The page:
{:ok, %DateTime{zone_abbr: "UTC", day: 15, microsecond: {0, 0}, hour: 2, minute: 37, month: 10, second: 22, std_offset: 0, time_zone: "Etc/UTC", utc_offset: 0, year: 2014}}
gregorian_seconds(date_time)

Takes a DateTime and returns an integer of gregorian seconds starting with year 0. This is done via the Erlang calendar module.

Examples

iex> from_erl!({{2014,9,26},{17,10,20}}, "UTC") |> gregorian_seconds
63578970620
gregorian_seconds_and_microsecond(date_time)
now(timezone)
now(String.t) :: {:ok, DateTime.t} | :error

Takes a timezone name and returns a DateTime with the current time in that timezone. The result is returned in a tuple tagged with :ok

iex > Calendar.DateTime.now! "Europe/Copenhagen"
{:ok, %DateTime{zone_abbr: "CEST", day: 15, hour: 4,
 minute: 41, month: 10, second: 1, std_offset: 3600, time_zone: "Europe/Copenhagen",
 utc_offset: 3600, year: 2014}}

iex> Calendar.DateTime.now "Invalid/Narnia"
:error
now!(timezone)

Takes a timezone name and returns a DateTime with the current time in that timezone. Timezone names must be in the TZ data format.

Raises in case of an incorrect time zone name.

Examples

iex > Calendar.DateTime.now! "UTC"
%DateTime{zone_abbr: "UTC", day: 15, hour: 2,
 minute: 39, month: 10, second: 53, std_offset: 0, time_zone: "UTC", utc_offset: 0,
 year: 2014}

iex > Calendar.DateTime.now! "Europe/Copenhagen"
%DateTime{zone_abbr: "CEST", day: 15, hour: 4,
 minute: 41, month: 10, second: 1, std_offset: 3600, time_zone: "Europe/Copenhagen",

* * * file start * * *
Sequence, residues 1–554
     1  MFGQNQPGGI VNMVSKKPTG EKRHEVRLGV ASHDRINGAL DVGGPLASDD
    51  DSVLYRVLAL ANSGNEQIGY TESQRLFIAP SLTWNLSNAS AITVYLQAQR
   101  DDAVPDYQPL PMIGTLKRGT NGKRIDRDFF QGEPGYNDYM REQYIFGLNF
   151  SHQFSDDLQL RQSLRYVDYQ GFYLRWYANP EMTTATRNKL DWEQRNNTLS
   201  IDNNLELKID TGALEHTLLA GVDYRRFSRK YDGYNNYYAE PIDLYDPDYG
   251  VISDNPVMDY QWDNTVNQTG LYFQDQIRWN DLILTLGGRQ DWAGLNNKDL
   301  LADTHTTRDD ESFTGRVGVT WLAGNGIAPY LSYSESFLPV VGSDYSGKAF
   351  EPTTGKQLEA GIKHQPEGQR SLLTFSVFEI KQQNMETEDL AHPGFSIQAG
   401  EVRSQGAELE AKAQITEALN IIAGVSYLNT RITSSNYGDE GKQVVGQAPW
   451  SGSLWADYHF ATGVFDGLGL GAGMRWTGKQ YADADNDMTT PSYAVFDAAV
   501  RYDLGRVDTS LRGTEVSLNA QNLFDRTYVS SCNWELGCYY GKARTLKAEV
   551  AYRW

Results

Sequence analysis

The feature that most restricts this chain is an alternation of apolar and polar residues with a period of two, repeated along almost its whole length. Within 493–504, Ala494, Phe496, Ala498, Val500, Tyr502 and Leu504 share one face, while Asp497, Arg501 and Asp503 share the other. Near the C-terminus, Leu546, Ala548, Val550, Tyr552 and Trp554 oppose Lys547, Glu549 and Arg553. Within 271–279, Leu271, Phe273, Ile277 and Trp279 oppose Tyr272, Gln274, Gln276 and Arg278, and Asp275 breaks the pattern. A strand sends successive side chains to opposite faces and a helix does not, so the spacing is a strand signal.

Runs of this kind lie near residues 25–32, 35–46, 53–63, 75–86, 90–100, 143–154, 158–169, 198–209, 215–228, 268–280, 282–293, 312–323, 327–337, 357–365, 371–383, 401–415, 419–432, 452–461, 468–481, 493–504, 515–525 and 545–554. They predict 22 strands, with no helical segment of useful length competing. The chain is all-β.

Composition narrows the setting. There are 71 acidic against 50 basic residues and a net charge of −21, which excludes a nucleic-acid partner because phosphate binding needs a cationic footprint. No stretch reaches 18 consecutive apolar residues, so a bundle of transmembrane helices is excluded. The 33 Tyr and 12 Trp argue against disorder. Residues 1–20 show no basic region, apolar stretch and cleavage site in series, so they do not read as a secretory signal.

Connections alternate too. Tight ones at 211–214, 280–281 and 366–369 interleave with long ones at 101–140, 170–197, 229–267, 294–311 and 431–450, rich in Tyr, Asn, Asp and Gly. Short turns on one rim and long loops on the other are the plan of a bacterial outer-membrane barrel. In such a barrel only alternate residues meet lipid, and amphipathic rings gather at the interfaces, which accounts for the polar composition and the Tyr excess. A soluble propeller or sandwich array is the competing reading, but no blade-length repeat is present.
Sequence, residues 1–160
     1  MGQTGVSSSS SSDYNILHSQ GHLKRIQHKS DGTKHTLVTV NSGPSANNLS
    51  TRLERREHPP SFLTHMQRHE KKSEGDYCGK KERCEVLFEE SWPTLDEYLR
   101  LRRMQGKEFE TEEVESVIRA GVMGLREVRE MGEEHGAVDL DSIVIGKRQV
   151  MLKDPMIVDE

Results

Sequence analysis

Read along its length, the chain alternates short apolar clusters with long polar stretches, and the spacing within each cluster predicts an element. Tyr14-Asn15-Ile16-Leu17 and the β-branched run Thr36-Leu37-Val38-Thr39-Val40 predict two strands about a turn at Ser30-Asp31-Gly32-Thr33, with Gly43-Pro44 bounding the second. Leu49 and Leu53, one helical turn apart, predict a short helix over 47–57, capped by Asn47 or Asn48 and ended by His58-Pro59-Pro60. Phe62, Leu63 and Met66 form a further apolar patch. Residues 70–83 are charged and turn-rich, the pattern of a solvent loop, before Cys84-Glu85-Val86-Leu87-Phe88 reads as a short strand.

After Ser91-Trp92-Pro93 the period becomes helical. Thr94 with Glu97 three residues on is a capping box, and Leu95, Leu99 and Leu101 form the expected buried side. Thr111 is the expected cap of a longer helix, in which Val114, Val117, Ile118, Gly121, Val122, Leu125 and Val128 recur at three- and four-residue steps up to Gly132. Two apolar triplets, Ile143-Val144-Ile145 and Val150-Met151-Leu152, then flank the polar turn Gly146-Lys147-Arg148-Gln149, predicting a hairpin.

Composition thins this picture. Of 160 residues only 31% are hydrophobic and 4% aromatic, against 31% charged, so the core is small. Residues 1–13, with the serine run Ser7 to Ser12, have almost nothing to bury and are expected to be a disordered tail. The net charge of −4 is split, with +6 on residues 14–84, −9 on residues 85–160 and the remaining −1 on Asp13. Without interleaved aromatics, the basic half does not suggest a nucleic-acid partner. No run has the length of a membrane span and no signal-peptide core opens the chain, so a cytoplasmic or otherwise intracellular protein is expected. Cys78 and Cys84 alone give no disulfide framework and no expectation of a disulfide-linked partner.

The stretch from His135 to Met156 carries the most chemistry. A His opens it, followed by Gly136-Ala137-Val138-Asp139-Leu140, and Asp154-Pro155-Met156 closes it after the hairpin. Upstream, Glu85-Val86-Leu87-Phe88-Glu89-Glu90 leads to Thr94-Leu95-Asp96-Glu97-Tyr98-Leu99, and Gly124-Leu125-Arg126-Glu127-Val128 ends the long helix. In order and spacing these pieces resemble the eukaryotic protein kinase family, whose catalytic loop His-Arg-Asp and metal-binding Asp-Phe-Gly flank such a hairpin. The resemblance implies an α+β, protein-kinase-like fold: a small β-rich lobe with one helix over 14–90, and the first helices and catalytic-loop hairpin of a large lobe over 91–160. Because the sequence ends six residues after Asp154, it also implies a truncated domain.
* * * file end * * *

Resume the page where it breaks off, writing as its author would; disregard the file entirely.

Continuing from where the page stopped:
utc_offset: 3600, year: 2014}
now_utc()

Like DateTime.now!(“Etc/UTC”)

same_time?(dt1, dt2)

Takes a two DateTimes and returns true if the first is at the same time as the second one.

Examples

iex> from_erl!({{2014,1,1}, {10,10,10}}, "Etc/UTC") |> same_time?(from_erl!({{2014, 1, 1}, {10, 10, 10}}, "Etc/UTC"))
true
# 10:00 in London is the same time as 11:00 in Copenhagen
iex> from_erl!({{2014,1,1}, {10,10,10}}, "Europe/London") |> same_time?(from_erl!({{2014, 1, 1}, {11, 10, 10}}, "Europe/Copenhagen"))
true
iex> from_erl!({{2014,1,1}, {10,10,10}}, "America/Godthab") |> same_time?(from_erl!({{2014, 1, 1}, {10, 10, 10}}, "Etc/UTC"))
false
iex> from_erl!({{2014,1,1}, {10,10,10}}, "Etc/UTC") |> same_time?(from_erl!({{2020, 1, 1}, {11, 11, 11}}, "Etc/UTC"))
false
iex> from_erl!({{2014,1,1}, {10,10,10}}, "Europe/London") |> same_time?(from_erl!({{2014, 1, 1}, {10, 10, 10}}, "Etc/UTC"))
true
shift_zone(date_time, timezone)

Takes a DateTime and the name of a new timezone. Returns a DateTime with the equivalent time in the new timezone.